At some point, the Thin Man reveals to Captain America that Olalla, whom he has married, had returned to Kalahia. The Thin Man remained in order to serve his country, and when he returns to Kalahia after the war he finds that the Nazis had located the valley and slaughtered all its inhabitants, including his wife. After this, he becomes an obsessed Nazi hunter for decades, eventually discovering that an old foe, the Nazi's Agent Axis, had been responsible for Kalahia's destruction. With the help of Captain America, he tracks down and confronts Agent Axis. The war criminal brags that since he had been brought to America under Operation Paperclip, he cannot be prosecuted for his wartime activities. The Thin Man becomes so outraged that he wraps his pliable body around Agent Axis and snaps his neck. Shocked, Captain America immediately brings him to the authorities for murder.
He eventually is pardoned so that the U.S. government can obtain his knowledge of advanced Kalahian technology. He is made a member of the New Invaders, and begins to contribute his knowledge to the group. Unfortunately, the entire operation was actually a ruse by the ex-Nazi villain the Red Skull, who had disguised himself as the Secretary of Defense. Once this deception is revealed, Dickson forges ahead with the plan to create a new Invaders unit armed with Kahalian technology, specifically to thwart the Red Skull and his organization, the Axis Mundi. Dickson designs the battleship Infiltrator, which can travel through multi-dimensional space, effectively allowing it to teleport long distances; the Infiltrator is sacrificed when it is rammed into a doomsday weapon in order to protect the Earth from another WWII-era supervillain, U-Man.
Powers and abilities
Bruce Dickson has been genetically modified through a scientific process developed by the people of Kahalia, to be able to convert the mass of his entire body into a highly malleable state at will, enabling him to stretch, deform, expand, or compress all or any part of his body into any shape. His costume is made of an unknown Kahalian fabric that stretches and contracts in size as he does. He most often uses his power to elongate portions of his body to the thinness of an average sheet of typing paper, enabling him to pass under a shut door. The limits on the Thin Man's powers are unknown. He can absorb the impact of a projectile shot at him or of any concussive force, within certain unknown limits, by deforming his body. When underwater he can resist intense water pressure to a superhuman extent for a period of minutes. He can become nearly two-dimensional, while his limbs can effectively become blades in the process.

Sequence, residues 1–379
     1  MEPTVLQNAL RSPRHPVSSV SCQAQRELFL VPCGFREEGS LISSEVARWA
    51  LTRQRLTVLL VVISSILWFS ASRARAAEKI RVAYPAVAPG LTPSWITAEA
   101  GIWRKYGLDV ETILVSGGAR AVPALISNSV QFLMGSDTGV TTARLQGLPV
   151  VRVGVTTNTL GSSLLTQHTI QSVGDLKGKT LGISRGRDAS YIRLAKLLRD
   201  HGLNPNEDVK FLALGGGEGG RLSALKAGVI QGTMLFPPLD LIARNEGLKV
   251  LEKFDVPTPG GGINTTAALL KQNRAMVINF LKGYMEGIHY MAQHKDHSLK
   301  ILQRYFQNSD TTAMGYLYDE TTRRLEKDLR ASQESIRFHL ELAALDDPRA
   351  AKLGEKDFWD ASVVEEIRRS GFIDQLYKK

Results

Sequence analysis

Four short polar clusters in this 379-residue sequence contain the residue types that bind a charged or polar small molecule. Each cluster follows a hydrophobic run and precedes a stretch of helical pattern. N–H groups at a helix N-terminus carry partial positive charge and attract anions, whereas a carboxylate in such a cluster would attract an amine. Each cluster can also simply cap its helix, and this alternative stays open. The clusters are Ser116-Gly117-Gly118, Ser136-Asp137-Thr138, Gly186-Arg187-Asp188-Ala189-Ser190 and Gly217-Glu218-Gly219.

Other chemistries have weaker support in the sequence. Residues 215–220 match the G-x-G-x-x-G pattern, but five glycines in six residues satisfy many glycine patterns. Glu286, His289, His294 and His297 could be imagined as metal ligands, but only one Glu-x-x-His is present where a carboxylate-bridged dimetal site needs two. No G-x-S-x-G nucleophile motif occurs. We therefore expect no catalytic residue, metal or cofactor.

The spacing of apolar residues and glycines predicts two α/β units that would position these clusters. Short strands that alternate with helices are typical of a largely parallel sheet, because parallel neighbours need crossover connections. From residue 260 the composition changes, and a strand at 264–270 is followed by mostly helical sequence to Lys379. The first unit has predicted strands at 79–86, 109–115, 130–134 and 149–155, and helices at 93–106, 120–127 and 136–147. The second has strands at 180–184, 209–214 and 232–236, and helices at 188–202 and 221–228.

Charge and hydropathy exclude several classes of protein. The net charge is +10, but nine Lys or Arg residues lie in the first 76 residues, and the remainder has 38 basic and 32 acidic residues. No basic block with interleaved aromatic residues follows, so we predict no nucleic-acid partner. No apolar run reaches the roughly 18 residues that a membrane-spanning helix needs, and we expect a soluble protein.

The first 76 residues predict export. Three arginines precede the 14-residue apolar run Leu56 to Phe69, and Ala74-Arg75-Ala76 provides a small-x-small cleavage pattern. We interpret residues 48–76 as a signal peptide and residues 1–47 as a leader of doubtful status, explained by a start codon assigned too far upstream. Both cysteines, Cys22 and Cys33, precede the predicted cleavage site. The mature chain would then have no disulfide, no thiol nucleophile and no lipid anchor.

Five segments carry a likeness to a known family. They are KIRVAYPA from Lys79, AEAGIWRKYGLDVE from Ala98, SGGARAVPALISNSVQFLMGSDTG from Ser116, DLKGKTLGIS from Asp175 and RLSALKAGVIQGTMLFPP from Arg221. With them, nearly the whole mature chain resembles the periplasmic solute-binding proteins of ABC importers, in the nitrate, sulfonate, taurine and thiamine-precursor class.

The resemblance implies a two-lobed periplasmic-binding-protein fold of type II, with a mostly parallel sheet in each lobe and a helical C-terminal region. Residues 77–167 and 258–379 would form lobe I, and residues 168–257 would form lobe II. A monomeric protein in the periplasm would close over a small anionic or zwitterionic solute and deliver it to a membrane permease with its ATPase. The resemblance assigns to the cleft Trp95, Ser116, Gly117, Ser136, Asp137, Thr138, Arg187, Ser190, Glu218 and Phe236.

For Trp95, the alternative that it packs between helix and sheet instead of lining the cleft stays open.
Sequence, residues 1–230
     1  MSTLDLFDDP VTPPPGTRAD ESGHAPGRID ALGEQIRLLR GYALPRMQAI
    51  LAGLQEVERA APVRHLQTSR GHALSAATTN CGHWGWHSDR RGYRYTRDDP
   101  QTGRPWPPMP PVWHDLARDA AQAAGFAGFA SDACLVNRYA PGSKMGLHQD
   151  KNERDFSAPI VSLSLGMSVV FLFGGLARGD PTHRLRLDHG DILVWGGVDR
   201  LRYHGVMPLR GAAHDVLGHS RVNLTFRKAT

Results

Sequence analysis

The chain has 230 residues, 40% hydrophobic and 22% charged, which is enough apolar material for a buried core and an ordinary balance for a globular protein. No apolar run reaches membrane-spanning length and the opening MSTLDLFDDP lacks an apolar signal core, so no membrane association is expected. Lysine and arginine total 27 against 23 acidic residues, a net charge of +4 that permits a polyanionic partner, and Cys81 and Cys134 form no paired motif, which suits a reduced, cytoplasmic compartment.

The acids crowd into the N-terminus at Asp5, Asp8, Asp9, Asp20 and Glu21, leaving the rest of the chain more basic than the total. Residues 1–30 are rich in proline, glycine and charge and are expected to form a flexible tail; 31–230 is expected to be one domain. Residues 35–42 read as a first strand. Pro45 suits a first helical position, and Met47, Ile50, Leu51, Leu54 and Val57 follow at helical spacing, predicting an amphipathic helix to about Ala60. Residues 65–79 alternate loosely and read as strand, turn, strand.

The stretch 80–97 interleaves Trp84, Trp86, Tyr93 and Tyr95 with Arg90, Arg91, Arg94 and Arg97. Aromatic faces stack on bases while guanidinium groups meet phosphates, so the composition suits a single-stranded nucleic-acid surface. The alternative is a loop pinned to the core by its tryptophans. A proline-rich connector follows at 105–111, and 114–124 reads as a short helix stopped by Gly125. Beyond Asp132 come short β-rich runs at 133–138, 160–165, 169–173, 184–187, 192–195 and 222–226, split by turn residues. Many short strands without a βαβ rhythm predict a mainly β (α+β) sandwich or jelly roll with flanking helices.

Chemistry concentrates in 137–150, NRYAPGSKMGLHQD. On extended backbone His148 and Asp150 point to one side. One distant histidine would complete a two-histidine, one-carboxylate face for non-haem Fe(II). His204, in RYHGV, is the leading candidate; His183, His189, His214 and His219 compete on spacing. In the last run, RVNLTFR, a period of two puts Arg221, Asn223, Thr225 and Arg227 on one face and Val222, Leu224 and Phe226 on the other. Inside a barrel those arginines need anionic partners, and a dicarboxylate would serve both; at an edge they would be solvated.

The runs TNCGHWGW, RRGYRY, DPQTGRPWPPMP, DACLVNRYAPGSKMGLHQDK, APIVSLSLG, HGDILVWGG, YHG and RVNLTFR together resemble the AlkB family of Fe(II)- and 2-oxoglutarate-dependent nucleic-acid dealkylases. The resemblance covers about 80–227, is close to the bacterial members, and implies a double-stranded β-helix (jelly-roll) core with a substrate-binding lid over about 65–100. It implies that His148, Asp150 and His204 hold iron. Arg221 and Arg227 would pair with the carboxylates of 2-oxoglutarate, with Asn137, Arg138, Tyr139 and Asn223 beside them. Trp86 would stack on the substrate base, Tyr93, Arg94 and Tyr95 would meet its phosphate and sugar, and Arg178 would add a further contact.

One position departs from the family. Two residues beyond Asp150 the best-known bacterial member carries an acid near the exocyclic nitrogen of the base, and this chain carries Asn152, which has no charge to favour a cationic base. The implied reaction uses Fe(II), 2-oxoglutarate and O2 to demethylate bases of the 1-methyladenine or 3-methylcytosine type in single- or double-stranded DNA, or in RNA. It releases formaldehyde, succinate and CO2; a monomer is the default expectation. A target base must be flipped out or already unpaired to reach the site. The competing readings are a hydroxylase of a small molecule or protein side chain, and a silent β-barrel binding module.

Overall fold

He does not age and is seemingly immune to all known diseases. Thin Man has tremendous knowledge of the advanced sciences and technology of Kalahia, but only what he could memorize or take with him. All else is now lost.
- Marvel Premiere #29
- Invaders #6
- Marvel Premiere #30
- Marvel Two-in-One Annual #1; Marvel Two-in-One #20
- Invaders #35-37
- Behind-the-scenes, Marvel Comics Presents #34 (Nov 1989)
- Marvel Comics Presents Vol.1 #34
- The New Invaders #0 (Aug. 2004)
- New Invaders #9 (June 2005)
- The Thin Man Profile at International Hero
- A Profile of the Infiltrator at the Appendix to the Handbook of the Marvel Universe
- Don Markstein's Toonopedia: The Thin Man